The gases are cleaned using electrostatic precipitators. Blister copper is fire refined in reverberatory or rotary furnaces known as anode furnaces.Oxygen and other impurities in blister copper must be removed before the copper can be cast into anodes for electrolytic refining. Converting . many companies are now using flash smelting to produce matte feed. reverberatory furnaces have been the most common furnaces used for smelting. The gases produced by electric smelting are smaller in volume. or natural gas into the copper while it is still in the anode furnace. Mining Industry RCRA special waste. Depending on the efficiency of the acid plant. which is difficult to use in sulfur recovery. which converts the sulfur dioxide-rich gases to sulfuric acid (a useable and/or saleable product). differing amounts of SO2 are emitted into the atmosphere. Thesulfur is removed in the form of SO2 gas. which reports to an acid plant where it is converted to high grade sulfuric acid. Gases from smelting operations contain dust and sulfur dioxide.S.In the converter (the most common being the Pierce-Smith converter. while flux may be added to remove others. Reverberatroy furnaces also produce large volumes of low concentration SO2 gas. which are more energy efficient. Copper 5-4 . causing the remainder of the iron sulfide to react with oxygen to form iron oxide and sulfur dioxide. Fire Refining . The slags from some smelting furnaces are higher in copper content than the original ores taken from the mines. Traditionally. After removing the slag. additional air or oxygen is blown in to oxidize the sulfur and convert the copper sulfide to blister copper. Therefore. lower in dust (less than one percent) and have a higher SO2 concentration. the furnace may receive the blister copper in molten form so remelting is unnecessary. The furnace is rotated so that the tuyeres are submerged and air is blown into the molten matte. The final step in fire refining is the reduction of the copper and oxygen removal by feeding a reducing gas such as ammonia. a high silica flux and compressed air or oxygen are introduced into the molten copper matte through pipes called tuyeres. Smelted copper typically retains metallic impurities at concentrations that can interfere with electrical uses. This slag is also a component of the RCRA special waste. A slag is generated during anode furnace operation. When co-located with a smelter or converter. however. which allows better sulfur recovery in an acid plant. Most of the remaining iron combines with the silica to form converter slag. and are then sent to the acid plant. In the interest of conserving energy and improving efficiency. reformed gas. which contains about 99 percent copper. The furnace is rotated again to pour off the iron silicate slag. The residual sulfur is removed as sulfur dioxide. The molten copper is then cast into anodes for further electrolytic refining. Special wastes are excluded from the RCRA statute. followed by the Hoboken converter and the Mitsubishi continuous converter). they are being replaced by electric or flash furnaces. Air is blown in to oxidize some impurities. a RCRA special waste. they may be sent to a concentrator for copper recovery.Energy and Environmental Profile of the U. Tailings from flotation of copper slag are a second RCRA special waste.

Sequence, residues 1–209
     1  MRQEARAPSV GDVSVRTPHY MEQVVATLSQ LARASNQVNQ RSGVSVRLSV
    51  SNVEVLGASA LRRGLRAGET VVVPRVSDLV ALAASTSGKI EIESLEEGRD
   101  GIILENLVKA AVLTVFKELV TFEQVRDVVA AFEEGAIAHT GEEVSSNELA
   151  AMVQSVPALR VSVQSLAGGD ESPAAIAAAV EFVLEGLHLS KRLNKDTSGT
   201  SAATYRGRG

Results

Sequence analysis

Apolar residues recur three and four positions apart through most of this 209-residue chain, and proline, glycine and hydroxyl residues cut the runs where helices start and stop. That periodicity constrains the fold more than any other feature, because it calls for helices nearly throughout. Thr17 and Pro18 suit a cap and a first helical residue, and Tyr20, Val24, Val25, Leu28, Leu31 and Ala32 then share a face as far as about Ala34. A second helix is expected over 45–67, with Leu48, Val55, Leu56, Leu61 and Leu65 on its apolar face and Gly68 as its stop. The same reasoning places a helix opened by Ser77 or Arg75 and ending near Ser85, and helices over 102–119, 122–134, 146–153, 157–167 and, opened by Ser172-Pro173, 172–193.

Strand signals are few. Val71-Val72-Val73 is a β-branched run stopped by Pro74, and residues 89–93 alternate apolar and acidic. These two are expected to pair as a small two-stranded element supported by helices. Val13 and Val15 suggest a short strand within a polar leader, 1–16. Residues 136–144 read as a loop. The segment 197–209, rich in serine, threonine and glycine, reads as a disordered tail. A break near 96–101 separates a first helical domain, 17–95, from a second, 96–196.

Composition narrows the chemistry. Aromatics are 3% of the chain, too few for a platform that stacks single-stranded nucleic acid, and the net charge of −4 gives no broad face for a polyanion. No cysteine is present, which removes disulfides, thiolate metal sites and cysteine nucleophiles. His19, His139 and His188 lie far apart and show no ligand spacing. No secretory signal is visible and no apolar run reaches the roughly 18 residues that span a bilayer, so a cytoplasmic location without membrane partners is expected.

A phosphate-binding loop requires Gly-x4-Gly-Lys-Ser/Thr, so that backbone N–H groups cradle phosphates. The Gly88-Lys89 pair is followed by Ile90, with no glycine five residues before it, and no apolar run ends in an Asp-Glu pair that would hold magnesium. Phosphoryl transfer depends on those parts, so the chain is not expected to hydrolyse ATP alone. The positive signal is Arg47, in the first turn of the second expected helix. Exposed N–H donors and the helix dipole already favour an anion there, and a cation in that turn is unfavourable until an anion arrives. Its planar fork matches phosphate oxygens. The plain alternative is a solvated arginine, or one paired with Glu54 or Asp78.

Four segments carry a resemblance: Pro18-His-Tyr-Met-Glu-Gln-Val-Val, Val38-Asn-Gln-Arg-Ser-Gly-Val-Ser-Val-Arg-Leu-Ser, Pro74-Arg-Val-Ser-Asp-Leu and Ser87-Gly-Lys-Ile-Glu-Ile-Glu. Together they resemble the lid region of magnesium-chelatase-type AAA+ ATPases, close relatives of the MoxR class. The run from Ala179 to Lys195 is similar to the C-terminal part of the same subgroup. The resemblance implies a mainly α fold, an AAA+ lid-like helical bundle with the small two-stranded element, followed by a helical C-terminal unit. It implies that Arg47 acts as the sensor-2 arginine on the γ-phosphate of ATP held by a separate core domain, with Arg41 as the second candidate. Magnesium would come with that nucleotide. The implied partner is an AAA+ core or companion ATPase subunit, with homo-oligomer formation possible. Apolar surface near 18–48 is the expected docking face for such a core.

gravity concentration. while a combination of solvent extraction. the copper anodes produced from fire-refining are taken to a “tank house. ion exchange. Typical leaching agents used in solution beneficiation are hydrochloric and sulfuric acids. dump and in situ leaching. When a DC current is passed through the cell. chlorination. which is relatively pure copper with only trace contaminants -.g. Microbial (or bacterial) leaching is used for lowgrade sulfide ores. Two-thirds of all domestic copper mines use some form of solution operations. this type of leaching is much slower than standard acid leaching. Approximately half of copper beneficiation occurs through dump leaching. Hydrometallurgical copper recovery is the extraction and recovery of copper from ores using aqueous solutions. Crushing and grinding is the most energy intensive. electrowinning. the overburden) is leached. 5. more than one metal is the target of beneficiation activities. then the copper is recovered from the pregnant leachate through precipitation.” where they are dissolved electrolytically in acidic copper sulfate solution (the electrolyte).1. Hydrometallurgical operations include the following: (1) acid extraction of copper from oxide ores. In electrorefining. Because most copper ores are insoluble in water. According to EPA’s Office of Solid Waste Technical Resource Document. (2) oxidation and dissolution of sulfides in waste rock from mining or in situ ore bodies (e. SX/EW. and electrowinning is generally used for the other half. and precipitation. Mining Industry Electrorefining – Electrorefining purifies the copper anodes. the copper is dissolved from the anode. flotation. by virtually eliminating the oxygen. Dump leaching is the simplest form of hydrometallurgical beneficiation of low-grade ores. Copper is recovered from a leaching solution through precipitation by SX/EW. The concentration of copper as well as impurities in the electrolyte are monitored and controlled resulting in a product that is 99. transported through the electrolyte and redeposited on the cathode starting sheet. Dump leaching is a method of treating copper ore that has been extracted from a deposit. washing. sorting and sizing. This Copper 5-5 .S. and (3) dissolution of copper from concentrates to avoid conventional smelting. The methods selected vary according to ore characteristics and economic factors. open-pit copper mines.less than a few parts per million for sale and/or direct use. copper is increasingly recovered by solution methods including dump and in situ leaching. In summary. froth flotation. Often.Energy and Environmental Profile of the U. Its use is still being piloted.99 percent copper. filtration. chemical reactions are required to convert copper into a water-soluble form. however. low grade oxide and sulfide mine wastes). sulfur.4 Copper Beneficiation Copper beneficiation may consists of: crushing and grinding.. solvent extraction. waste rock. Solution beneficiation methods account for approximately 30 percent of domestic copper production. the copper-bearing ore (and in some cases. and overburden practiced at large. autoclaving. roasting. and base metals that limit copper's useful properties.